||Who Stole Feminism? How Women Have Betrayed
||Christina Hoff Sommers
||Simon & Schuster, © 1994
Simon & Schuster
1230 Avenue of the Americas
New York, NY 10020
In this 320-page book, Christina Sommers, a philosophy professor at
Clark University, alerts us to the beliefs, behavior, and influence of
radical feminists, whom she calls "gender feminists." She
distinguishes gender feminists from mainstream "equity" feminists and
asserts that gender feminists do not represent the views of most American
women. Nevertheless, gender feminists are having significant
success, especially in the academic world.
According to Sommers, gender feminists believe that America's
"sex/gender system" produces patriarchal domination of women. Rather
than wanting equality between men and women, they push for gynocentric
philosophies that emphasize female characteristics that they see as
superior. They manufacture issues, such as date rape and
self-esteem, and offer erroneous and misleading statistics to support
their claims. They sponsor research that is biased and filled with
errors. They believe women are under siege and that we are in a
gender war and they seek recruits and support to wage this war.
Sommers states that she wrote this book because she is a feminist who
doesn't like what feminism has become and she believes that the new gender
feminism is badly in need of scrutiny. She gives detailed
descriptions of feminist conferences she has attended, examines women's
studies programs, critically analyzes feminist sponsored research,
investigates the origins of and support for claims about issues such as
date rape, domestic violence, self-esteem, and eating disorders.
References are in footnotes at the end of each chapter and there is an
index at the end of the book.
Sommers is blunt in her criticisms of gender feminism but her
assertions are backed up with data, concrete examples, and references.
The book is certain to provoke anger and controversy and Sommers will make
more enemies than she already has in the new feminist community.
Despite having familiarity with the philosophies and beliefs of gender
feminists, I had no idea they had achieved such astonishing successes in the
academic world. Sommers provides dismaying and frightening examples of not
only women's studies programs, but of the way gender feminists have affected
higher education in general.
Sommers' discussion of distorted, exaggerated, and false statistics bandied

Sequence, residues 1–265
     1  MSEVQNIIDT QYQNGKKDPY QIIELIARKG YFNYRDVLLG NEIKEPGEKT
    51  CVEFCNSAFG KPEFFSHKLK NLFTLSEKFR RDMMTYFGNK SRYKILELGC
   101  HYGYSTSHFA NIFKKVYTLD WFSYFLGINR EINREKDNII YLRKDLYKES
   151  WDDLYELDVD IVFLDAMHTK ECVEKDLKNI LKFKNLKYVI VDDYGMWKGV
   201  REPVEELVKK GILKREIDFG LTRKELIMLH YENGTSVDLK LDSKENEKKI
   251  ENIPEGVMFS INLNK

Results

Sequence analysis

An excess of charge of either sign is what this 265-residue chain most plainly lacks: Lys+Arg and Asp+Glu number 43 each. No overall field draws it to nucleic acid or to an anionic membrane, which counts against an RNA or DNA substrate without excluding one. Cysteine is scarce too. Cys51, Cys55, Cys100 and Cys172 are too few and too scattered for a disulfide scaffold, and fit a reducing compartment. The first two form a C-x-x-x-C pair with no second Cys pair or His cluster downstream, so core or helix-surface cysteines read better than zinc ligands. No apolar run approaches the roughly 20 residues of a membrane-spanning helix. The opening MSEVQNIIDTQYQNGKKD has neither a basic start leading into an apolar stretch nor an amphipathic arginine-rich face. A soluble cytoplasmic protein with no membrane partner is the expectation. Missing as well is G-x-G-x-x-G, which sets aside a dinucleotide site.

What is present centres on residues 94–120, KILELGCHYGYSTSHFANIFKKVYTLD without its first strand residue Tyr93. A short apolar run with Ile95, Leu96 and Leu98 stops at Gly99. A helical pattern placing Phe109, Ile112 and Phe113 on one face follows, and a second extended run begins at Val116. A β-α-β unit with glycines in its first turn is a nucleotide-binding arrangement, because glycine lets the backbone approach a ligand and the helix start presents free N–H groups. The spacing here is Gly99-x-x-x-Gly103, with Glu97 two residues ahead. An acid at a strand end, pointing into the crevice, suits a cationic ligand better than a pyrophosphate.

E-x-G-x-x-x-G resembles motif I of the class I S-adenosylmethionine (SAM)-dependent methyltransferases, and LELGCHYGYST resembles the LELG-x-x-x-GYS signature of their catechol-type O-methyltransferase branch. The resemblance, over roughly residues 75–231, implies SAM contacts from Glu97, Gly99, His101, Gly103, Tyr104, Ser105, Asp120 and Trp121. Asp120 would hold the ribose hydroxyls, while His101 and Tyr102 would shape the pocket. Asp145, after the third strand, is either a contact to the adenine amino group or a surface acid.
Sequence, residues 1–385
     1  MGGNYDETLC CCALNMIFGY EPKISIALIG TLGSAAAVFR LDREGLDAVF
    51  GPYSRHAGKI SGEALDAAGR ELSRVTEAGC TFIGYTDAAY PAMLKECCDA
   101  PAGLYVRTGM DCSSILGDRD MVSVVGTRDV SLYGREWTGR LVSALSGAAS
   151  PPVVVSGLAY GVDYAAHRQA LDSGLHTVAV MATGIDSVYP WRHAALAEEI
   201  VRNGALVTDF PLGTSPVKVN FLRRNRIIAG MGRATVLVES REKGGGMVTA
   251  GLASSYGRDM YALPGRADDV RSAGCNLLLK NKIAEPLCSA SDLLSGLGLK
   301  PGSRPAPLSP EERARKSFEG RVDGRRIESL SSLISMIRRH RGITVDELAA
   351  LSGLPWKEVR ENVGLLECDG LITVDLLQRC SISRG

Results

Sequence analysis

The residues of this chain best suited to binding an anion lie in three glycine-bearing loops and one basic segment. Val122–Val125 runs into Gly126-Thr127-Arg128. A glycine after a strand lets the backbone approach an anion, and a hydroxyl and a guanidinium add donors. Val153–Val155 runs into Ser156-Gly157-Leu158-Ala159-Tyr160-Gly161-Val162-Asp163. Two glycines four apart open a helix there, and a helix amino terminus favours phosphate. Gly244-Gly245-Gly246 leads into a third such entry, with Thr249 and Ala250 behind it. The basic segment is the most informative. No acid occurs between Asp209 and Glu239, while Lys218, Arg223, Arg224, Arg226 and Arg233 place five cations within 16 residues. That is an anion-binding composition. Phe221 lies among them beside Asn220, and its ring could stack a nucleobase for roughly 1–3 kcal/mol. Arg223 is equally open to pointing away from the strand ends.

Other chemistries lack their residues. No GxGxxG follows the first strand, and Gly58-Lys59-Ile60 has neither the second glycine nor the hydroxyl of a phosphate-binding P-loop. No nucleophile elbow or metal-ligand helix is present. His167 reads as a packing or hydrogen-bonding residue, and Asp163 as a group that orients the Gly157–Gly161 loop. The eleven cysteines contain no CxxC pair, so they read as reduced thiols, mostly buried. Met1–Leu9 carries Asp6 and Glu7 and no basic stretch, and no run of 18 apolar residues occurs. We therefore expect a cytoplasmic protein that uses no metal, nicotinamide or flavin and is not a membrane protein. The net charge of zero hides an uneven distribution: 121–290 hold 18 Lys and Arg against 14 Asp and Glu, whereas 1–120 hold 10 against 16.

about by the gender feminists and the erroneous conclusions drawn from shoddy
research is particularly compelling. Three examples are:
• The claim that 150,000 American women die of anorexia
nervosa each year, published by Naomi Wolf and Gloria Steinem as well as
others. Sommers discovered that this applies to people who have the
disorder of anorexia nervosa — the figure for yearly deaths is more like 100.
• The claim that the March of Dimes found that domestic
violence against pregnant women is now responsible for more birth defects than
all other causes combined. This erroneous "fact" was reproduced in both
government publications and the media. Sommers found that there is
absolutely no truth to it. The original statement, which was completely
misquoted, was that more women are screened for birth defects than are
screened for domestic violence.
• The claim in 1993 that domestic violence rises by 40% on
Super Bowl Sunday. When a skeptical reporter talked to battered women
expert Lenore Walker, who asserted this on "Good Morning America," Walker said
that her data supporting her assertion was not available for "public
consumption." Further investigation indicated that the claim has no
basis in fact.
Although nowhere is child sexual abuse mentioned, my response to Sommers'
description of the gender feminists was, "I know these people." We have
observed the attitudes and beliefs of the gender feminists in many recovered
memory proponents and child advocates. The description of their
assumptions and philosophies helps make sense out of the behavior we have
observed in the sexual abuse survivors' network.
This book is highly recommended.
Reviewed by Hollida Wakefield, Institute for Psychological
Therapies, Northfield, Minnesota.